I walked up to the immersion point in Colaba on Saturday. Colaba is a small place, with a population roughly the same as of Paris, and the number of idols brought for immersion on an odd day is not large. Even so, these used to cause traffic jams in the neighbourhood a decade back. Over the last few years police arrangements have become much better. Traffic flows smoothly, if a little slowly, and the crowd which gather to watch the immersion is kept under control (see the featured photo). I slipped past a waiting ambulance, and walked through an outer cordon of police. With my camera in hand, I was inspected, and found to be harmless. I could walk past the police and take up position just inside the police cordon, before the line of lifeguards. I was told not to obstruct anyone.
This was a good point to watch the proceedings from. On a day like this no one spares attention to the fact that this is the ramp where terrorists came ashore eight years ago and launched a concerted series of attacks across the city. Now the area is full of Ganapati idols, big (photo on top) and small. The big idols take up much space in the public imagination. Even here they are surrounded by crowds. Children especially, seem to be mesmerized by these large idols. I prefer the small ones, the ones which belong to a single family.
The police let in two or three men from the family with each idol. The women, children, and other men, if there are any, stay at the police cordon. Often the men forget some ritual item or the other, and the group left behind pleads with the police to hand it to them. The idol is not thrown into the sea. People walk with it into the water and, when it is deep enough, just let it go. The idol sinks into the sea. I took a few shots of people coming back from the sea after the immersion (see photo above). There is a little emptiness about them. The excitement of the previous few days has been washed away.
Later there will be a muted attempt to clean up the sea. The baked mud of the idols will sink into the bottom of the waters and eventually be pulverized. Some of the plastic and wood used in the frame and decoration will be thrown back by the waves. This will be collected into huge heaps which will be removed to landfills. Next year the idols will come again, but hopefully with less plastic around it.
It is impossible to miss the Ganapati festival if you are in Mumbai. Apart from the household poojas which you might be invited to, there are public festivals at every other street corner. Everything about the festival is photogenic: from the artisanal workshops where the idols are constructed, to the final immersion. A couple of years ago I went to see the immersion again with a colleague who was visiting in India. In the thirty years between my two visits to see the immersion at the Girgaum chowpatty, the event had become highly organized. In the eighties the scene of the immersion was a chaotic sea of people, often bunching up into fearsome knots on the verge of becoming a crush. It is more crowded now, but well-marked lanes for seaward and landward movement make it much easier to visit this incredible Mumbai event as a tourist. There are even tour operators who offer to work it into your itinerary. That’s such a wonderful development!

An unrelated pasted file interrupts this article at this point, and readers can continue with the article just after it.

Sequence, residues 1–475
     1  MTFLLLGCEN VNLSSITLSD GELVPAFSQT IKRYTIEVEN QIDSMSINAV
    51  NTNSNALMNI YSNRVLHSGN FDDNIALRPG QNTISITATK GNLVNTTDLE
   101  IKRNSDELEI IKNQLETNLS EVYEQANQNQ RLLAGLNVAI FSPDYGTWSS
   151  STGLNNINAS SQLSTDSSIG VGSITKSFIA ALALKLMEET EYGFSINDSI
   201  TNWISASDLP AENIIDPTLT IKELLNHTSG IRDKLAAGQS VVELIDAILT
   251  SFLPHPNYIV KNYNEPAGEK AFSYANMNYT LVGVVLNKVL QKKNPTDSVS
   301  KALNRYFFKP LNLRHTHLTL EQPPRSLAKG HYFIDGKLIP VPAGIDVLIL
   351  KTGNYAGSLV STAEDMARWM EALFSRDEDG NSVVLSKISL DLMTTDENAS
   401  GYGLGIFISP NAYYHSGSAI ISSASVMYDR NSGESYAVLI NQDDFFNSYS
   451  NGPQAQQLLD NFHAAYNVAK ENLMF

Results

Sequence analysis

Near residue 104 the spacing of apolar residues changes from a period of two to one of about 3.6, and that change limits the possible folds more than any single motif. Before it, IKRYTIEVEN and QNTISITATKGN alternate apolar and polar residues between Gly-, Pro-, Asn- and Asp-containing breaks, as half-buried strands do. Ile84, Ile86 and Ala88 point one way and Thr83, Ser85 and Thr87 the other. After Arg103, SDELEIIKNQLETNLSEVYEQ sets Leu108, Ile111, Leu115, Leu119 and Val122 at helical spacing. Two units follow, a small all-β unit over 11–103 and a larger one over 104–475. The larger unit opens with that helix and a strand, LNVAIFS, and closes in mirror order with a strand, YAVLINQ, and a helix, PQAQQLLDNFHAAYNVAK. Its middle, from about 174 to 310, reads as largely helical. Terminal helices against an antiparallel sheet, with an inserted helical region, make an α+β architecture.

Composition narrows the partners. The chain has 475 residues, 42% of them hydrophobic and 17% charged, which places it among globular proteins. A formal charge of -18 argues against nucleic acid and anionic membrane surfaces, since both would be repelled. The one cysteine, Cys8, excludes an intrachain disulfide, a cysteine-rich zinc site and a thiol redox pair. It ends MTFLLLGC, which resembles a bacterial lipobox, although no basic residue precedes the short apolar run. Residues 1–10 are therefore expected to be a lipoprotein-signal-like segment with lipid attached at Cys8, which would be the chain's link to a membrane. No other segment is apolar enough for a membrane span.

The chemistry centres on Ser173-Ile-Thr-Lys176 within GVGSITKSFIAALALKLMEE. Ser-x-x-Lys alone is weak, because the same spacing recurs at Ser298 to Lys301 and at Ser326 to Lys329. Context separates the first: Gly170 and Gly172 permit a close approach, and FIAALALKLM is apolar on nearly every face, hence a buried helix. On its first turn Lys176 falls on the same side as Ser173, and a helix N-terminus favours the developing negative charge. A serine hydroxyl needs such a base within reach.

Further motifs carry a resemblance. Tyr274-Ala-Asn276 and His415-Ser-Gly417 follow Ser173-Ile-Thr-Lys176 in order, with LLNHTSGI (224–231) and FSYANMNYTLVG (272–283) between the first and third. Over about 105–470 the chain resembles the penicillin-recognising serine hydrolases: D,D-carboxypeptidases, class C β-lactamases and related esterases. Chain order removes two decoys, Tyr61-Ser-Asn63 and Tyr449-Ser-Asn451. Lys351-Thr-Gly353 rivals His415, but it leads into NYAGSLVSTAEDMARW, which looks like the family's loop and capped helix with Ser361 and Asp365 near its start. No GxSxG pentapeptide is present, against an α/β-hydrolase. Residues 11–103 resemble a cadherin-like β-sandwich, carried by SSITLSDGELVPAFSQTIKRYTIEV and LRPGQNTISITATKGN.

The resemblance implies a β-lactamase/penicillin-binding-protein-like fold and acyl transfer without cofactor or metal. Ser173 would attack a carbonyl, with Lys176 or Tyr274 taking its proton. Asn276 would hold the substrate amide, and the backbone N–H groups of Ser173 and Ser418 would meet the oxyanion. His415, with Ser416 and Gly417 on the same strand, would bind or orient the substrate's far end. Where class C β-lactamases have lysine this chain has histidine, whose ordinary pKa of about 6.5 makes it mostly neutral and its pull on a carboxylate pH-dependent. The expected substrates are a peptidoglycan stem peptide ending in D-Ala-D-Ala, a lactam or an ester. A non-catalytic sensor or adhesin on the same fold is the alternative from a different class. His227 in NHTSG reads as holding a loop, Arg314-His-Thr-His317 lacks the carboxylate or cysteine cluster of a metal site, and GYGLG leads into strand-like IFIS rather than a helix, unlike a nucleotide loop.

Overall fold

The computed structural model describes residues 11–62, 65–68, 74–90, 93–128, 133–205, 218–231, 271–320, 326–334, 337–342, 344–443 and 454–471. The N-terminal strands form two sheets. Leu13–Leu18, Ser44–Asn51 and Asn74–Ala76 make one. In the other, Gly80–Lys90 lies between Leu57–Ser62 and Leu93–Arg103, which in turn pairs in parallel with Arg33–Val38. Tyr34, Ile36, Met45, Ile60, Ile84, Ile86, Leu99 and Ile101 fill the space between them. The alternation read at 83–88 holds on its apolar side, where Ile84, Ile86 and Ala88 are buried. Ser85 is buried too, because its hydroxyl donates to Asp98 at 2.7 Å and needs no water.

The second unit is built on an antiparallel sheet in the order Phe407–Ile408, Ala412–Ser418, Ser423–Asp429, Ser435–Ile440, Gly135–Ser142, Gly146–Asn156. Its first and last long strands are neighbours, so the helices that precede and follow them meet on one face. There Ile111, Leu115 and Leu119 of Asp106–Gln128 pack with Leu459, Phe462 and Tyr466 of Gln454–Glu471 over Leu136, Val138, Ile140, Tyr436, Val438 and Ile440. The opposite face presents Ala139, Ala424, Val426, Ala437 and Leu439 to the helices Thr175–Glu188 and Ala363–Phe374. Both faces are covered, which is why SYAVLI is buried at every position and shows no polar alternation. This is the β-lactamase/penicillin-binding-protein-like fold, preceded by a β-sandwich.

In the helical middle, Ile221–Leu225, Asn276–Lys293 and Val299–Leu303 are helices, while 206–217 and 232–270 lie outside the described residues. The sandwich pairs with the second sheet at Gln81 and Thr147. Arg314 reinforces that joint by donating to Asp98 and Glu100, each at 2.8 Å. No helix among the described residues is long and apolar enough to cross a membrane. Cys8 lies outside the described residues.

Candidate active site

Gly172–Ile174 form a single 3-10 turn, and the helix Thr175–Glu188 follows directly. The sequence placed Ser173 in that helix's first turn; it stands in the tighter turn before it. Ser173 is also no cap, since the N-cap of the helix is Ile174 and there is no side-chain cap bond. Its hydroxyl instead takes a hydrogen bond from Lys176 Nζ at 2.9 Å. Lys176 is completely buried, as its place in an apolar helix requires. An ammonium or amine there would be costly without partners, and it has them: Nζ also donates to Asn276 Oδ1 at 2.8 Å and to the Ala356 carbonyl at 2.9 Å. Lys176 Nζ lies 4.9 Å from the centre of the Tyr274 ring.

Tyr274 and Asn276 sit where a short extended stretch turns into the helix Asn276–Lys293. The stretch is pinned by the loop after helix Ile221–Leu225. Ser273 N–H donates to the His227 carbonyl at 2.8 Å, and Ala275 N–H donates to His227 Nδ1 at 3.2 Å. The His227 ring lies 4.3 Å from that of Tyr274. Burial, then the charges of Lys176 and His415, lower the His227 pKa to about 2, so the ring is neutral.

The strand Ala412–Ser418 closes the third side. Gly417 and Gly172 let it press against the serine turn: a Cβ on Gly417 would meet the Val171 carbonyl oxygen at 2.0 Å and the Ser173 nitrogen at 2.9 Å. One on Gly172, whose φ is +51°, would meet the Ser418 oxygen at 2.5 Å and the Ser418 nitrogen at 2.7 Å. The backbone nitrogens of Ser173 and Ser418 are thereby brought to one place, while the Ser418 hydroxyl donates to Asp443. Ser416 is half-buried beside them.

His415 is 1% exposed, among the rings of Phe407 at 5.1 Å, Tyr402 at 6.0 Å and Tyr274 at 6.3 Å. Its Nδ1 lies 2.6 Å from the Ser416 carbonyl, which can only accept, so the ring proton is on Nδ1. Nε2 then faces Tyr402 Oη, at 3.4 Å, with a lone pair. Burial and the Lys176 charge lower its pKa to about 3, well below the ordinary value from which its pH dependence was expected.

I didn’t do that today. But on day of the full moon, Ananta Chaturdashi, you cannot be on the roads of Mumbai without passing the large idols starting off on their journey to the sea. Sometimes you see them in passing on deserted streets (photo above, Ballard estate), sometimes the truck with the idol is part of the traffic on narrow roads (photo below, Colaba market). The traffic management has become slicker over the decades. Our taxi breezed past dozens of these clumps of people without getting stuck. Traffic police were on the spot, making sure that no jams develop. Apparently every idol is given a time at which they should start the journey, and a deadline by which to reach the sea. An interesting development which I’d not noticed in previous years is the presence of an “FX truck” in front of the truck with the idol, whose purpose seems to be to light up proceedings.
The Ganapati (aka, Ganesh) pooja was a household affair is many parts of western India before it became a public festival under the Peshwa kings of Pune in the 18th century. The public festival was converted to its present form by Bal Gangadhar Tilak, who used it as a vehicle to arouse public sentiment against British colonial rule in India. Household gods are immersed in the sea after one and half, three, five or seven days. Although the immersion of these smaller idols is not spectacular, I like to see the little knots of families reach the sea. If you watch carefully, you will notice many with a slightly lost look on their faces as they leave: it is the end of a festival, after all. The major immersions were done today, on the eleventh day. There is only one major idol left now in Mumbai, and that will be immersed on the fifteenth day. That’s definitely the end of the festival.